That next Monday, Jordan met with Pete, the associate pastor. He shared his concern about under-utilizing their software. He cast his vision for what it could be in the short and long term. He showed Pete how using specific tools could impact his small group ministry. Pete’s initial feeling was one of resistance, knowing what this kind of shift would mean for the staff, the lay leaders, and the entire congregation. He knew from experience that change is always difficult and never clean. As Jordan shared his thoughts, his resistance began melting into sympathy for Jordan’s heart for the church.
Pete took a while to weigh the costs and benefits, then said, “You’re going to need buy-in from Dean.”
Dean is the 60-something senior pastor who has led the church for over 30 years. Everyone on the staff knows that when Dean believes in something, it’s going to happen. Not so coincidentally, it wasn’t Dean’s idea to purchase the software.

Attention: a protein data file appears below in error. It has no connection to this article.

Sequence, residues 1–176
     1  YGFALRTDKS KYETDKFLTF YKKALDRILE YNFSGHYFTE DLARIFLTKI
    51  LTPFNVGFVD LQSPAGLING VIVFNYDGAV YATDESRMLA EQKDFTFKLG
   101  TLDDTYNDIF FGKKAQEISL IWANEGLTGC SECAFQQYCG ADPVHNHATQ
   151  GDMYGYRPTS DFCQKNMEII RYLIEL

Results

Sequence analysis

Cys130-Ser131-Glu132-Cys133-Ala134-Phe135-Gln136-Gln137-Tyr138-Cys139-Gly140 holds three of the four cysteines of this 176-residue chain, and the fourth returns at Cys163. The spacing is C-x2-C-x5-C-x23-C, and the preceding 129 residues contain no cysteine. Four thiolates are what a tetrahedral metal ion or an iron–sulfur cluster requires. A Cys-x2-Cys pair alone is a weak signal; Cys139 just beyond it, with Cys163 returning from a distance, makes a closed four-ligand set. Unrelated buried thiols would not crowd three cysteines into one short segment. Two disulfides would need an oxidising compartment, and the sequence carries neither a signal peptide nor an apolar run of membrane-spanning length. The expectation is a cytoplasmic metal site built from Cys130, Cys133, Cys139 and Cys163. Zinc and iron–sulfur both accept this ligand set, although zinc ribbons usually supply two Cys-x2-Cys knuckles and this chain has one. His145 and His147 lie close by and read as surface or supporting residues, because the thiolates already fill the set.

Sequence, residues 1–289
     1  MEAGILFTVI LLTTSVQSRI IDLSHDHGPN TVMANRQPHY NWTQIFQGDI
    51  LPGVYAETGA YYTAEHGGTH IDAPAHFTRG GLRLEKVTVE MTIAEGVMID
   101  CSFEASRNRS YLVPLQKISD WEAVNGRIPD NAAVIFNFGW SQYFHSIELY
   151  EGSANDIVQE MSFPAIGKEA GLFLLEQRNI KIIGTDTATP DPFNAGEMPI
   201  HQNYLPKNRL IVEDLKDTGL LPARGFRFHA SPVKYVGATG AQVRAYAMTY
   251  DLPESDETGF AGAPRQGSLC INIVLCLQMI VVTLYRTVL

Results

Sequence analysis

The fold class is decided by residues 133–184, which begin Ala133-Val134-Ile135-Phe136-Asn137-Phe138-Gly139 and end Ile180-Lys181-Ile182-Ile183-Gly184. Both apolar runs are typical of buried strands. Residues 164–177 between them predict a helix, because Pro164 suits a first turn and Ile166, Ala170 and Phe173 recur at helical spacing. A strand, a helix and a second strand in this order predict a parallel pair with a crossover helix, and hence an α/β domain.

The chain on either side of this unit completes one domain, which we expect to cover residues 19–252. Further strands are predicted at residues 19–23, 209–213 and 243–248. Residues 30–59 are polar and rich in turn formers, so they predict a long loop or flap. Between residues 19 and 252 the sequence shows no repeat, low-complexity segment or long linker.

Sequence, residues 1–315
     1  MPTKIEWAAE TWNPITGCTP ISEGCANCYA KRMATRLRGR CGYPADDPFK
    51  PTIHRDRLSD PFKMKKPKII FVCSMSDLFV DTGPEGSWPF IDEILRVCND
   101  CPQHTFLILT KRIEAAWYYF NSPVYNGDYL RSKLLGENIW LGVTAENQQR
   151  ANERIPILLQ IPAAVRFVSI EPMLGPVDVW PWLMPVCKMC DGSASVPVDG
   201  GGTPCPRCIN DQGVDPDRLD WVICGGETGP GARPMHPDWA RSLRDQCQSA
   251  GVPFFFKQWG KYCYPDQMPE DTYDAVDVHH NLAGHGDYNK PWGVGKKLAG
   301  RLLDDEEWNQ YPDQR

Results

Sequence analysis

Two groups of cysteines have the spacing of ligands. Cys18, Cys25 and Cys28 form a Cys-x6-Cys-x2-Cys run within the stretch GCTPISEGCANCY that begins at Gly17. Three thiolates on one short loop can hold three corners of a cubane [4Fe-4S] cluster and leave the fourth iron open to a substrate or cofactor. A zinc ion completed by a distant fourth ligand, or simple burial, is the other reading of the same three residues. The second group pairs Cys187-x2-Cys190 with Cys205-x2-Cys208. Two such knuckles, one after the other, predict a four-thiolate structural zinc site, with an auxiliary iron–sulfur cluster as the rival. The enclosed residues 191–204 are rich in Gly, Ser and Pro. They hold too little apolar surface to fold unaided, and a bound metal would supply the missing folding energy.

“If we can get him on board, we will have a team working toward a goal rather than individuals with ambitions. Quarterbacks are only as good as this year’s offensive line,” Pete added. “Be sure you go into that meeting ready.”
“What do you mean ready?” Jordan asked.
“Grab a pen, Jordan.... Share your vision first. Start with why. Talk about what this could do for the church long term. Give him the best case scenario for what this software could do for us. Talk to him about how this is going to make his job more efficient and effective. Tie in our mission and vision and how this is going to help us get there. Then give him something concrete. Talk to him about real dollars, man hours, and return on investment. Give him some very tangible reasons for why we need to change. Don’t just notice problems; suggest solutions. Have suggestions ready for how we are going to learn and teach people to use the software. Do it like this and Dean will hear you.
”Also,” Pete concluded, “know that I’ve got your back.”
Jordan left Pete’s office encouraged and optimistic. He felt the same excitement that he felt when the church first bought the software. His job might be about to get a little better, a little more fulfilling.